Born in 1780

Jan 3 Michael Thomas Sadler a British Tory Member of Parliament whose Evangelical Anglicanism and prior experience as a Poor Law administrator in Leeds led him to oppose Malthusian theories of population and their use to decry state provision for the poor. He entered the British House of Commons at the behest of the 4th Duke of Newcastle, returned by the pocket borough of Newark as an 'Ultra' opponent of Catholic emancipation, but he devoted much effort in Parliament to urging the extension of the Poor Law to Ireland. In 1832, in the last session of the unreformed House of Commons he brought forward a Bill to regulate the minimum age and maximum working hours of children in the textile industry. He chaired a Select Committee on the Bill which heard evidence from witnesses on overwork and ill-treatment of factory children. No legislation had resulted before the Reform Act passed and in the election which followed Sadler stood for Leeds but failed to be elected. Parliamentary leadership of the factory reform movement passed to Lord Ashley. Publication of the evidence gathered by Sadler's Select Committee had a considerable effect on public opinion: the effect of Sadler's Bill and Committee on the Whig government was to persuade them that new factory legislation was required but that this should be based upon evidence gathered on a sounder basis. When he died, contemporaries mentioned his work on Ireland, population, and poverty as well as his ten-hour bill, but only the latter is now remembered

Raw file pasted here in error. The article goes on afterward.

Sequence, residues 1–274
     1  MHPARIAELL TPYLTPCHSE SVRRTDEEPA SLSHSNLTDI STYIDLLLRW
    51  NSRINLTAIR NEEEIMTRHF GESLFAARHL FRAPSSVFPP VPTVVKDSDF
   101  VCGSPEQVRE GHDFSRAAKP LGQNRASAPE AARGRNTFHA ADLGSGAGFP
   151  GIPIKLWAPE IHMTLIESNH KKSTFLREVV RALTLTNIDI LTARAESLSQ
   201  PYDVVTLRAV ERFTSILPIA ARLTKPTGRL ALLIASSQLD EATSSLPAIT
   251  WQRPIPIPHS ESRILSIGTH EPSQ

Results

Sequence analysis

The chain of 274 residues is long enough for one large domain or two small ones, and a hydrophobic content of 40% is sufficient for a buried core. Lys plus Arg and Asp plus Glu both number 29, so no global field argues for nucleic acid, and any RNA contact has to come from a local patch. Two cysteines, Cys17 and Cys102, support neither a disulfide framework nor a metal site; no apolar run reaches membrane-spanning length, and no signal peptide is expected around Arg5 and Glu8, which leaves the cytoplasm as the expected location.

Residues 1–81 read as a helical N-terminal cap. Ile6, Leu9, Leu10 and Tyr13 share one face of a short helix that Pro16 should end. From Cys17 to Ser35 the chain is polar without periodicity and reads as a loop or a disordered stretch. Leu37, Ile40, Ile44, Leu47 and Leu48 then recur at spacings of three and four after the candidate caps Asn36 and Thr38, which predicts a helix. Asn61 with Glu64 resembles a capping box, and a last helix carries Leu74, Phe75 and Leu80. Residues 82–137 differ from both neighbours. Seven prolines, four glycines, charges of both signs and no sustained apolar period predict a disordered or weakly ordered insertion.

Jan 5 Camille Alphonse Trézel a French général de division, Minister for War and peer of France during the July Monarchy. He was Assistant Chief of the General Staff on the Morea expedition, and served in the 1830s in the French conquest of Algeria, where he suffered a disastrous defeat at the Battle of Macta
Jan 10 Martin Lichtenstein a German physician, explorer, botanist and zoologist.
Jan 12 Wilhelm Martin Leberecht de Wette a German theologian and biblical scholar.